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Please use this identifier to cite or link to this item: http://hdl.handle.net/123456789/1420

Title: A survey of seat belt use
Authors: Densu, Solomon
Keywords: Seat belt use
Front-seat passenger
Driver
Observation survey
Attitudinal survey
Ghana
Issue Date: 5-Oct-2011
Abstract: Out of the 18 districts which constitute the Ashanti region, Kumasi Metropolitan Area (KMA) alone, accounted for 22.6% of the fatalities that occurred through road traffic crashes, from 2008-2009. Approximately 22.6% of these fatalities were vehicle occupants. In the wake of this carnage on KMA’s roads and the fact that seat belts have been proven to save lives in road traffic crashes, the cardinal objectives of this study were to conduct observation survey to determine the extent of seat belt use among drivers and front-right seat passengers and also to ascertain the attitudes of people towards seat belt use in the Kumasi Metropolitan Area. Observations of seat belt use were conducted at 31selected observations sites which were mostly signalized intersections and toll booths, where vehicles were momentarily stopped. Attitudinal survey was also carried out at bus terminals, taxi ranks and parking lots. The data was analysed using Microsoft Excel spreadsheet and SPSS. The overall seat belt wearing rate in the Kumasi Metropolitan Area was 18.30%. The wearing rates for drivers and front-right passengers were 24.40% and 8.10% respectively. Private car drivers (33.40%) were more likely to use seat belts compared with bus drivers (29.10%), taxi drivers (12.20%), truck drivers (19.8%) and minibus drivers (18.80%). Female drivers (48.0%) were more likely to use seat belts than male drivers (22.90%). Seat belt use was highest in the outskirts of town (24.02%) and lowest in the CBD (15.90%). The primary reasons for non-use of seat belts were No/Faulty seat belts (81.10%), Forgetfulness (73.90%) and lackadaisical attitude towards enforcement of seat belt laws (75.90%). The use of seat belt was generally low in the Kumasi Metropolitan Area and it depended on seating position, gender, vehicle type and location. Wearing rate was low because most vehicles do not have seat belts and the serious laxity in the enforcement of seat belt laws. Concerted efforts are therefore required by the National Road Safety Commission, police and civil society to improve road safety in the Kumasi Metropolitan Area in particular and nationally in general, by ensuring mandatory retrofitting of seat belts in all vehicles that do not have, preferably free of charge and strict enforcement of the seat belt laws.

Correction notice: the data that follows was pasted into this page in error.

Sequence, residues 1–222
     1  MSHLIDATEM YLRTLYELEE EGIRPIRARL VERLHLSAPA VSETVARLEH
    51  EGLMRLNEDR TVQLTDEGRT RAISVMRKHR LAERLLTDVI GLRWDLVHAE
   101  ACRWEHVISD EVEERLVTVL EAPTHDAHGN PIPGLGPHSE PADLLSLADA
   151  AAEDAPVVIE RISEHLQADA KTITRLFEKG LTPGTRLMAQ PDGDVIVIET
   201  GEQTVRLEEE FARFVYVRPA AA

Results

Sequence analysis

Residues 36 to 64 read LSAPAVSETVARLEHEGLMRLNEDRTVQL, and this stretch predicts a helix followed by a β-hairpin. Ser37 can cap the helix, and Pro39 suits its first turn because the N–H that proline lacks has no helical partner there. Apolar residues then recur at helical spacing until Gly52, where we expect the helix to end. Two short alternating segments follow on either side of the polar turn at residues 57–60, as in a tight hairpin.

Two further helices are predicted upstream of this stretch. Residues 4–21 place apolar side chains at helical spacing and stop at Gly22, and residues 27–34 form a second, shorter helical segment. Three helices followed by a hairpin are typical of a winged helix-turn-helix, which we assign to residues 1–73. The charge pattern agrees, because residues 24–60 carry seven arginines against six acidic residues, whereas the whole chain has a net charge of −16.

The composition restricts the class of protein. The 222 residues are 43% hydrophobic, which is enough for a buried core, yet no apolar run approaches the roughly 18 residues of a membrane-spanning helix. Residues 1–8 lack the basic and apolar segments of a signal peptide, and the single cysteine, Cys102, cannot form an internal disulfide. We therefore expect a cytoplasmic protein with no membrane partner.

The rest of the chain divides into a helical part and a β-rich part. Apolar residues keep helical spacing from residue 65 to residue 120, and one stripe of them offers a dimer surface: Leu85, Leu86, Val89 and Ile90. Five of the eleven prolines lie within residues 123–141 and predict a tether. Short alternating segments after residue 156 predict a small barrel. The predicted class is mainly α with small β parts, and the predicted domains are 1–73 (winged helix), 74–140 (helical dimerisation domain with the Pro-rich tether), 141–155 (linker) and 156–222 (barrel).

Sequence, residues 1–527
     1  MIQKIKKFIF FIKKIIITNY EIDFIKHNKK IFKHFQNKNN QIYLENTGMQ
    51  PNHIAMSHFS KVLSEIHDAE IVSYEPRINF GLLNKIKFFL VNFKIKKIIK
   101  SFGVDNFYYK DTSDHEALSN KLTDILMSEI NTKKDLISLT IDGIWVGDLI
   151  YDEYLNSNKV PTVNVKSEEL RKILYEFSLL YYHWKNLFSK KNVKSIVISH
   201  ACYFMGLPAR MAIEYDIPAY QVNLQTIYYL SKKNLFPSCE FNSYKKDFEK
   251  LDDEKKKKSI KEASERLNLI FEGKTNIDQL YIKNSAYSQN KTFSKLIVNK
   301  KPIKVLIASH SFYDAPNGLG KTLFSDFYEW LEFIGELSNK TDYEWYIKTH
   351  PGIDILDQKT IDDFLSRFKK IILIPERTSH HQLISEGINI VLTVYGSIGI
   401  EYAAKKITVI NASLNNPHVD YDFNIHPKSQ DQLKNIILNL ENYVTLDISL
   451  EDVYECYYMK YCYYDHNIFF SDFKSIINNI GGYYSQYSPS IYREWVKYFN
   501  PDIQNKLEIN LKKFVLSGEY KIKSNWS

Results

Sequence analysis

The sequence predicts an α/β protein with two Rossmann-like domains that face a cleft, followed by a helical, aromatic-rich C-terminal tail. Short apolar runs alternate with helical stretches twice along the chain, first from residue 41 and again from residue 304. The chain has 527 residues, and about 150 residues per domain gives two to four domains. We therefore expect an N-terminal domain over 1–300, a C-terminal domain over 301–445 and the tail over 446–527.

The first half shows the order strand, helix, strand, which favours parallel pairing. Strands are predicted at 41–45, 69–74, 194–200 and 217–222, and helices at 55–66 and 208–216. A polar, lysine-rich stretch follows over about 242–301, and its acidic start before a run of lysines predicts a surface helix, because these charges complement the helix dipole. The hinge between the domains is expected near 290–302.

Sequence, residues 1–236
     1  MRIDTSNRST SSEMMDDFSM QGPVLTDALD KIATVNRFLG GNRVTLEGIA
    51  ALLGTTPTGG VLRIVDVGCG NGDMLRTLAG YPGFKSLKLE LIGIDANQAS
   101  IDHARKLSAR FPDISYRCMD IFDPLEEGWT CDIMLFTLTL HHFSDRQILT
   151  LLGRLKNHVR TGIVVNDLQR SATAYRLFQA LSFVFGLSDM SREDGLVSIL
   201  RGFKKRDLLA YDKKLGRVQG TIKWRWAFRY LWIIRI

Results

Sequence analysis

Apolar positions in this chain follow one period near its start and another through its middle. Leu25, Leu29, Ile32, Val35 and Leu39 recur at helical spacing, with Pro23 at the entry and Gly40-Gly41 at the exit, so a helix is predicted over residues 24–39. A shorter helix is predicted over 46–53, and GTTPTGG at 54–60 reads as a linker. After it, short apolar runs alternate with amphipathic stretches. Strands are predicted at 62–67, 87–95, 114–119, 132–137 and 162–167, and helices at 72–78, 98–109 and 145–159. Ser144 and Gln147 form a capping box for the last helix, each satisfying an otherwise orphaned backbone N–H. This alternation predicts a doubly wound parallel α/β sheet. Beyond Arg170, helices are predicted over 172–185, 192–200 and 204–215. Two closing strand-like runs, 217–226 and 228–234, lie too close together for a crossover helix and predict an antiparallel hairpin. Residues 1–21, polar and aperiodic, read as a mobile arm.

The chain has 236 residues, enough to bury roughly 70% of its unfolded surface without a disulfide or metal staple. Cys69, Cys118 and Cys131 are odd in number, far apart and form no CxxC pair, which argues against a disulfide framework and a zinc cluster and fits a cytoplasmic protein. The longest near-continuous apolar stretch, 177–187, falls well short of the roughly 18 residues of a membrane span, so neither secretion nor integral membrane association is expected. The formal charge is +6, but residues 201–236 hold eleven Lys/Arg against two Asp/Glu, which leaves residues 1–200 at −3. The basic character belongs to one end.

Description: A thesis submitted to the College of Engineering in partial fulfilment of the requirements of the award of the degree of Master of Science, 2011
URI: http://hdl.handle.net/123456789/1420
Appears in Collections:College of Engineering

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